Sentiment Mining

By Emily Snyder



Sentiment mining is pretty much a fancy way to say emotion tracker; simple, right?
With sentiment mining, we can determine certain emotions within a text based on how frequent they’re used while also showing where in the text positive and negative emotions appear most; which is not so simple.

Sentiment mining is pretty cool but, you have to keep in mind that as of right now, there are only eight emotions that are recognizable with sentiment mining. To see how they determined whether an emotion is positive or negative, visit the NCR Word-Emotion Association Lexicon.

So the question is, how does R determine what kind of sentence to link to a certain emotion? And, what if different people see certain emotions as positive or negative? So although, sentiment mining does produce some pretty cool looking graphs, it still has a ways to go. As sentiment mining is brand new, it needs a lot of refinement. However, it did capture the emotional plot arc so it’s very accurate.

So let’s break it down: below are two graphs created using sentiment mining within R Studio.

*Bar Graph (with sadness being the most frequently used emotion)*

x-axis = how often the emotion shows up within the play
y-axis = most-ranked emotions within the play

*Cosine graph (range of positive and negative emotion within the play)*

x-axis = displays the amount of time in the narrative
y-axis = displays where in the novel there are positive or negative emotions.


Now how do you create such cool graphs, you ask? Well—like I mentioned before—we use R Studio. To start, you’re going to need to install the Syuzhet package(to learn more about this package and similar ones, visit Jocker’s Blog). From there, you’ll use the code below (Using your own text). 


So by now, you’ve probably hit a couple errors but you eventually got the code to work. You should have gotten graphs in this order:
Note: (Graph 1 is basically a noisier version of Graph 2)


Now, if you want to be even more of a badass, you can also compare two different texts to each other. I used Harry Potter and the Cursed Child and The Cuckoo’s Calling. (See code below)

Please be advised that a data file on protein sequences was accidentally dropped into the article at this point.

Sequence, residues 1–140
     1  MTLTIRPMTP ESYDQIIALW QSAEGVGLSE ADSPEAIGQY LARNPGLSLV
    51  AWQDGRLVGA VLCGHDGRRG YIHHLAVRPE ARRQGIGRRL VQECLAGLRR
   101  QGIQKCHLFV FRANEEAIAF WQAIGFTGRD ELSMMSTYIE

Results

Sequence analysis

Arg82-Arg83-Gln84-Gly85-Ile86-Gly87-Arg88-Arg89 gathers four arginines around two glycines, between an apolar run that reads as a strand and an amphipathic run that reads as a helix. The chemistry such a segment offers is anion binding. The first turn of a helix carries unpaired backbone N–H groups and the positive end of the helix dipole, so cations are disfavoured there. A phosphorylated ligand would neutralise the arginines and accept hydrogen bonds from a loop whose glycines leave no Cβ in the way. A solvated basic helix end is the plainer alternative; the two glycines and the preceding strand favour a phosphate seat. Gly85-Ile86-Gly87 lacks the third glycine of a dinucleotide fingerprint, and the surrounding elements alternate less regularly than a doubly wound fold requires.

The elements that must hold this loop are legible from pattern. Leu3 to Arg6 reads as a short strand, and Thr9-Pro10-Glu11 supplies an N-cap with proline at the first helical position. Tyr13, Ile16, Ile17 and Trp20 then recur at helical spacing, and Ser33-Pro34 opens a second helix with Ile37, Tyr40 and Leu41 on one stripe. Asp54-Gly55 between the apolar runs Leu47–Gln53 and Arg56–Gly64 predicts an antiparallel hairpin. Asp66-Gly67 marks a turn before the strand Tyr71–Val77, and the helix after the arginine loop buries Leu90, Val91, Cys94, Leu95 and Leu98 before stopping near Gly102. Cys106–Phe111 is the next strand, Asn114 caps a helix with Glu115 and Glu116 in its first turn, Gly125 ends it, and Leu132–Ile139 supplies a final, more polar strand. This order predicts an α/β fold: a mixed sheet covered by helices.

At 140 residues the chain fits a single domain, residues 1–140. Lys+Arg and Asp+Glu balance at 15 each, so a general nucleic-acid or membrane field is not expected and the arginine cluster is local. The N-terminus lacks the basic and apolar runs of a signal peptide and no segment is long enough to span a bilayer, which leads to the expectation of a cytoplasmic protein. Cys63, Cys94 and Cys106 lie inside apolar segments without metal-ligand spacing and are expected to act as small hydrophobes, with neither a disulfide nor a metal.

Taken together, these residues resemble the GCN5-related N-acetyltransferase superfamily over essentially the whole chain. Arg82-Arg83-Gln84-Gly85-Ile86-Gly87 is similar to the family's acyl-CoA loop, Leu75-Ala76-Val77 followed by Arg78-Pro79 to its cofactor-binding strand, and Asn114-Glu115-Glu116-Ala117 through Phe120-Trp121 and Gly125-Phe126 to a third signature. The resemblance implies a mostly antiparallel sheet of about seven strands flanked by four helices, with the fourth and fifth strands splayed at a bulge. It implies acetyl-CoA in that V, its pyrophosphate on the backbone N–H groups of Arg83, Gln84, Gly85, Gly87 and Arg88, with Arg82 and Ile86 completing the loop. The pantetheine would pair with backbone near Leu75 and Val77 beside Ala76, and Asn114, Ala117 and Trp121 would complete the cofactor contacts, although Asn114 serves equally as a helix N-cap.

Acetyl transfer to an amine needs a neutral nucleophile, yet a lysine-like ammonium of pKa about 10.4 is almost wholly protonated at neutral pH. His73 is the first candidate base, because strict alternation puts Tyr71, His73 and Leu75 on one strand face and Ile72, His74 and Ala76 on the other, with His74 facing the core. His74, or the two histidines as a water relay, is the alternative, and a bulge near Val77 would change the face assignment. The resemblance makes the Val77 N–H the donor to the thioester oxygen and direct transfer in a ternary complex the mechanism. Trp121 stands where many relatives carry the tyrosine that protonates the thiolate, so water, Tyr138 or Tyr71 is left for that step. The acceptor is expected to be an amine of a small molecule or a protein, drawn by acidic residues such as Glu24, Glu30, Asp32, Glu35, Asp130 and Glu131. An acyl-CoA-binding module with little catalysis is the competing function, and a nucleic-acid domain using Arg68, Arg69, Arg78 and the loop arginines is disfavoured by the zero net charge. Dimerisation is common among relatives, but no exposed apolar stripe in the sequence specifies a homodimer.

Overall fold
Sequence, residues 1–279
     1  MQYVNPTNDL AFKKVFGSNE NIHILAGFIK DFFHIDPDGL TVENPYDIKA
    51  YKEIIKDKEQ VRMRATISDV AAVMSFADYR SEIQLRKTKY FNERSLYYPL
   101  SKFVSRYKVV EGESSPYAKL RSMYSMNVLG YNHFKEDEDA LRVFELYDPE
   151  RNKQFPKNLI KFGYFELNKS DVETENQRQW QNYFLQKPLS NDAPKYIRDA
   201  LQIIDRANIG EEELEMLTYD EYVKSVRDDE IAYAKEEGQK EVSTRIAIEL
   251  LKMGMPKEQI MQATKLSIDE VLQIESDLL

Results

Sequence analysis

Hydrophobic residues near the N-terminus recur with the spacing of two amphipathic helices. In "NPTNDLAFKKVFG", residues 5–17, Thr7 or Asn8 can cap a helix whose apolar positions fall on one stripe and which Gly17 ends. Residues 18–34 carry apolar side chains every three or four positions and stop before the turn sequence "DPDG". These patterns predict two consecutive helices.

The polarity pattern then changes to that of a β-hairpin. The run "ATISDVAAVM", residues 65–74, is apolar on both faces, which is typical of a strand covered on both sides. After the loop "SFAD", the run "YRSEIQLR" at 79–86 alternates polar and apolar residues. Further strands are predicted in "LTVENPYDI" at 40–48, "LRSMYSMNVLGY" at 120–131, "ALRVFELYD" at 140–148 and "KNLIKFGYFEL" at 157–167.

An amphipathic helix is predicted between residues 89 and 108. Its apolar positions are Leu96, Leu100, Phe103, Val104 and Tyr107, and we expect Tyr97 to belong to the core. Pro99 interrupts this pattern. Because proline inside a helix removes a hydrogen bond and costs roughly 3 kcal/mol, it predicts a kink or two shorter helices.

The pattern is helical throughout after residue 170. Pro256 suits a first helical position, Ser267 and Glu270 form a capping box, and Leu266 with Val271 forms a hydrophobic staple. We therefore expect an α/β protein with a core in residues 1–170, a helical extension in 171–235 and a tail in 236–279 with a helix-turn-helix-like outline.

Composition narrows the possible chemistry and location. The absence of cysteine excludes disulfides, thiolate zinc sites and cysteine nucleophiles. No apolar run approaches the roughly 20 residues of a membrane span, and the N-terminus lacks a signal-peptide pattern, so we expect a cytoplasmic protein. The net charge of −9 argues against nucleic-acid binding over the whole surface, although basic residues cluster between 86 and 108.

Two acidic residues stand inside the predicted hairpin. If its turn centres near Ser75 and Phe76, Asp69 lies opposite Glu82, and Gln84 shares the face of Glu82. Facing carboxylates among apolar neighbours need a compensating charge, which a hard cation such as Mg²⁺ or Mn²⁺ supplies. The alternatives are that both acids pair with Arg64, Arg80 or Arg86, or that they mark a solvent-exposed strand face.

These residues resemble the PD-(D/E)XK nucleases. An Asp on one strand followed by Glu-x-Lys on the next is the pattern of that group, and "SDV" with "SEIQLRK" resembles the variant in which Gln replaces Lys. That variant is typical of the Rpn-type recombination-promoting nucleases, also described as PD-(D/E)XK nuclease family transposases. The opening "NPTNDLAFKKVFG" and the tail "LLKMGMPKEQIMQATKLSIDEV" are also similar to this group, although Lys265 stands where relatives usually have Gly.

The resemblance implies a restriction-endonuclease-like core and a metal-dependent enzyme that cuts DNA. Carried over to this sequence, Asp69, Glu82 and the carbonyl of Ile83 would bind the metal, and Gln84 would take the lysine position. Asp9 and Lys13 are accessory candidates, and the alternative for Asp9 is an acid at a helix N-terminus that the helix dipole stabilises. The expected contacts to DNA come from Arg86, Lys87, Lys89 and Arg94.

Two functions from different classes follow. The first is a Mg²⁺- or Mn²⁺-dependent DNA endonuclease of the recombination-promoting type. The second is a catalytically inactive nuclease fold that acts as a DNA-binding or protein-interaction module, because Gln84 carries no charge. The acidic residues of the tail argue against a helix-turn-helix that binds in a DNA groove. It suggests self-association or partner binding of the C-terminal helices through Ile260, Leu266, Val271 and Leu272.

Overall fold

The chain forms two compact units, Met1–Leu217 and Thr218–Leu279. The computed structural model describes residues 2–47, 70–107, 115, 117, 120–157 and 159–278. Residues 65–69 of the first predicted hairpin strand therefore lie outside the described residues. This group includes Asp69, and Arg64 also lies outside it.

code 1

code 2

Once you’ve run the code, you’ll get a cosine graph with two different lines. (Harry Potter and the Cursed Child is in blue and The Cuckoo’s Calling is in red.)
Possible use: where they cross and find scenes to analyze. For more information visit Jocker’s Blog.

Cuckoo and Cursed

And now we ask, why?

Okay so here’s the deal: the graphs are cool to look at but what do they really do? Well, the graphs show us “comparison between perceived emotional positive/negative points and the actual language” (Mary Mackoy). So, for example, The Cuckoo’s Calling starts off with a murder scene and in the graph above, it starts off in the negatives. In contrast, Harry Potter and the Cursed Child starts with Albus going to Hogwarts which is a relatively positive emotional valence on the graph.

Now, by comparing the same author with two different books, we can see that although JK Rowling’s writing does overlap in emotional valence at some points, she doesn’t use the same emotions in her books. (Which makes sense considering one is about magic and the other is about murder.)

Real World Uses:

  • Sentiment Mining could be used for movie reviews to get a sense if it’s getting overall positive or negative reviews. In relation, it can also be used to see how a book is perceived before and after the movie adaptation.
  • In a class setting, it could be used for well-known books that the students could run through sentiment mining and then write essay to say if they think it’s accurate or not.
  • We can also analyze tweets and whether there is an overall positive or negative feedback associated. For instance, a recent sentiment mining project analyzed the mood of Trump’s tweets. Visit this website for more information.

And for all you Potterheads:



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